By contrast, he doesn’t see a similar uptick in interest for Asia and other long-haul destinations.
“There’s more discussion about exotic destinations, but I’m not sure the willingness is there,” he said. “A big stumbling block for Asia is the cost of flying there on business class, which many organizations, especially those based on the East Coast, feel is necessary to offer. They’re more willing to fly economy class to Europe.”
CSR Still Important
Not just a passing fad, CSR (Corporate Social Responsibility) continues to play a part in incentive programs, with 47% of planners in the IRF study reporting that they are integrating CSR activities into their programs. In many cases, things that were once considered CSR, in particular green practices, are now just standard operating procedure, Van Dyke said.
“Planners have become much more adept at adapting a company’s CSR mission into each program,” she said. “And CSR activities are consistently ranked high among top experiences, particularly if they are tied into the local community.”
Hofford agreed, adding that clients want CSR experiences that are “customized and not canned” and that include interaction with local people. As an example, she cited a recent activity at the Sheraton Wild Horse Pass Resort, located in the Gila River Indian Community south of Phoenix, where participants helped create a vegetable garden for a grammar school on the reservation.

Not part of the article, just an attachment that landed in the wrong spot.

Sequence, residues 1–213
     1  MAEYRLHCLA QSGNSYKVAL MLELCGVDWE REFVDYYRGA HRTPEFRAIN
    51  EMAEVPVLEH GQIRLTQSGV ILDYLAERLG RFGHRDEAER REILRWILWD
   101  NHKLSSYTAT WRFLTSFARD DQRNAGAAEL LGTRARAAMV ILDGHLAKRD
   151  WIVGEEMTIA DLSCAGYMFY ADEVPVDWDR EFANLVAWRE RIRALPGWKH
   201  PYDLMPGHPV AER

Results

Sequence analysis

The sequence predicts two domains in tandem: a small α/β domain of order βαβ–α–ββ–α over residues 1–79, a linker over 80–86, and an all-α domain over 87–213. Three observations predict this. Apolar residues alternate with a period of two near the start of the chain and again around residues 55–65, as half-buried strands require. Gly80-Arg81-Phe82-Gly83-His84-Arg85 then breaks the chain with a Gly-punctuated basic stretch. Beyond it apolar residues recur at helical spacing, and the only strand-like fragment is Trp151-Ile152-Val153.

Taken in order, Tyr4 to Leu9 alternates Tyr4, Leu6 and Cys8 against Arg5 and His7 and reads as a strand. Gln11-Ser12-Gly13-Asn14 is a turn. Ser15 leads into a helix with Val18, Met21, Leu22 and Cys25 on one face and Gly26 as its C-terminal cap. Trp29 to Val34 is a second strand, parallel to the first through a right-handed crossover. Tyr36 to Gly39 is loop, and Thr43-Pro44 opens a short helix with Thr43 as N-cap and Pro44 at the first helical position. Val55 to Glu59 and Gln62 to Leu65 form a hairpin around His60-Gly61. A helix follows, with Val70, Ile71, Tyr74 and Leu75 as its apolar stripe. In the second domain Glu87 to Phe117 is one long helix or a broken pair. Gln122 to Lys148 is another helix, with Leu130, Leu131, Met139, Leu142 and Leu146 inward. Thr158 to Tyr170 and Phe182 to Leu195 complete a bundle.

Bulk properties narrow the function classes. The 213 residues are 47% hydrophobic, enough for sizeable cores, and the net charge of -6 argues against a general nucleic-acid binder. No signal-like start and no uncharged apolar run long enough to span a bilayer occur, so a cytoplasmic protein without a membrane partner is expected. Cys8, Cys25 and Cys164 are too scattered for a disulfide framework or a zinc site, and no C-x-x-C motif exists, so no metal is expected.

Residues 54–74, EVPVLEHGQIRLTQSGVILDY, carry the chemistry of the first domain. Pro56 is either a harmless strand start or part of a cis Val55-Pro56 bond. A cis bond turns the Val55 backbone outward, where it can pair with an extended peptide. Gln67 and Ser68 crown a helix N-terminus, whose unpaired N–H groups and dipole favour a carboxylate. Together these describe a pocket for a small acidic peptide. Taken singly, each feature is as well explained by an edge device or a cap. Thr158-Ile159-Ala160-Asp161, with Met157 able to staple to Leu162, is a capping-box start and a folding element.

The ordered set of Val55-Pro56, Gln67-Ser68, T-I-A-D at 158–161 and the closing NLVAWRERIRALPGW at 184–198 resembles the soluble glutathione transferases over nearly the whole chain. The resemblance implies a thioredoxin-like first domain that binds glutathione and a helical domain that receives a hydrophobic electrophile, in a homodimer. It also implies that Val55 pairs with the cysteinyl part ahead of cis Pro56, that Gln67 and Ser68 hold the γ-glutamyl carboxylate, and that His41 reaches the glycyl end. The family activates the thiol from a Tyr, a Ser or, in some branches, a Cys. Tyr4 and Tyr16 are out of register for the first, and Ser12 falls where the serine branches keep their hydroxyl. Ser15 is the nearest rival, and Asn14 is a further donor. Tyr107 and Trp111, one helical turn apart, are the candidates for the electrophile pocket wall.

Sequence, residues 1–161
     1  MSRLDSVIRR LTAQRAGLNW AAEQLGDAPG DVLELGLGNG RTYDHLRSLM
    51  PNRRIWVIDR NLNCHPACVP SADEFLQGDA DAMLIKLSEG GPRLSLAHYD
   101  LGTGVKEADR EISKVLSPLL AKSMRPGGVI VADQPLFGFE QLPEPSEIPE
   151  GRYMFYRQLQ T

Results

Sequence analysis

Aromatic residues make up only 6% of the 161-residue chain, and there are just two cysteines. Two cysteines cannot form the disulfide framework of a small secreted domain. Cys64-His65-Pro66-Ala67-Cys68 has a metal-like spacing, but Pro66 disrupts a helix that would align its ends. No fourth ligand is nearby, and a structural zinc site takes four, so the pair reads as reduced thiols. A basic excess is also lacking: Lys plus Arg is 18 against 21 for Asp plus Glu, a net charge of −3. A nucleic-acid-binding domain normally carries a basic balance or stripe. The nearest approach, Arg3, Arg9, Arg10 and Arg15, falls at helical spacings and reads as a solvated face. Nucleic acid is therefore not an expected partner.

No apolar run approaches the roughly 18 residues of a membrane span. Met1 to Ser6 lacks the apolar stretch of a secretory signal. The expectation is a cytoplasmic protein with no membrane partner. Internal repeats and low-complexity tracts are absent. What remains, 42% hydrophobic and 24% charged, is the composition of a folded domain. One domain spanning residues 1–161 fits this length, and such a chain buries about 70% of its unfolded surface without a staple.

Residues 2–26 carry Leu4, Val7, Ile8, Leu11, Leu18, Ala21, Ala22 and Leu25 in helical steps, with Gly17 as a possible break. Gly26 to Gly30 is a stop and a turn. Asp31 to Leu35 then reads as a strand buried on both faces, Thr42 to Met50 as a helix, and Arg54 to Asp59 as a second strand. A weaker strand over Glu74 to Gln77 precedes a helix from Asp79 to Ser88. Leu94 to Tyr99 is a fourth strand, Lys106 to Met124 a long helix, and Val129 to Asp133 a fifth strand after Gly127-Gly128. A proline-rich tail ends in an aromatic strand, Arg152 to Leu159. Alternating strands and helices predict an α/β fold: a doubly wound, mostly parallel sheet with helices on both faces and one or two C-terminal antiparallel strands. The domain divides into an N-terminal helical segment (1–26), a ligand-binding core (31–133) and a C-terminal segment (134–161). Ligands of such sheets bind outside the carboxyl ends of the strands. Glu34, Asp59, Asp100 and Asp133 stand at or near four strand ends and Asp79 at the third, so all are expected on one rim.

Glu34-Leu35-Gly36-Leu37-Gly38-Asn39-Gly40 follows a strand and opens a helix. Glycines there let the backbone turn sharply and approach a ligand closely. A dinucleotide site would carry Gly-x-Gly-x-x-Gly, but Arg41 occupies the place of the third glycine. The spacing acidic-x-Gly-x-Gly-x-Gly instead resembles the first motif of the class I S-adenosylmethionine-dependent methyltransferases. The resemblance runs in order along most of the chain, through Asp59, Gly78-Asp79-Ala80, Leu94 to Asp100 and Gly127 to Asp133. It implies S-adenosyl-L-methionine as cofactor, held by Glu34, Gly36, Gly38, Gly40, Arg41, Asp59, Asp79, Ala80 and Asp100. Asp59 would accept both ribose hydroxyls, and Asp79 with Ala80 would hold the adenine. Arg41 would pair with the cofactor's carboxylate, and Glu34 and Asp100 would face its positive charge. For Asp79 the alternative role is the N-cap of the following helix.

“The kids got excited, came out, and joined in with planting and building chicken coops,” she said. “Afterward, the attendees went on a run with the kids. It was incredibly rewarding for everyone.”
A ‘Pure’ Incentive?
While it’s often presumed that business meetings are becoming a more important element of incentive programs, IRF research has found that only about half of programs are including meetings.
“This was surprising to us, so we went out and talked to more planners to find out why,” Van Dyke said. “What we found is that there is a firm stance on either side of the issue. Your incentive program is a reflection of your corporate culture. There are companies that view the incentive as a pure reward where people should be allowed to just have fun.”
For other companies, however, the incentive is viewed as a means to share best practices and also to engage top leaders and performers in discussions on solving key business issues, she said.
When incentive programs involve distributors rather than corporate employees, business sessions may be included, but are often not lengthy or mandatory, according to Broudy.
“The client may want to include a business briefing or introduce a brand-new product, but very few will do an all-day meeting,” he said.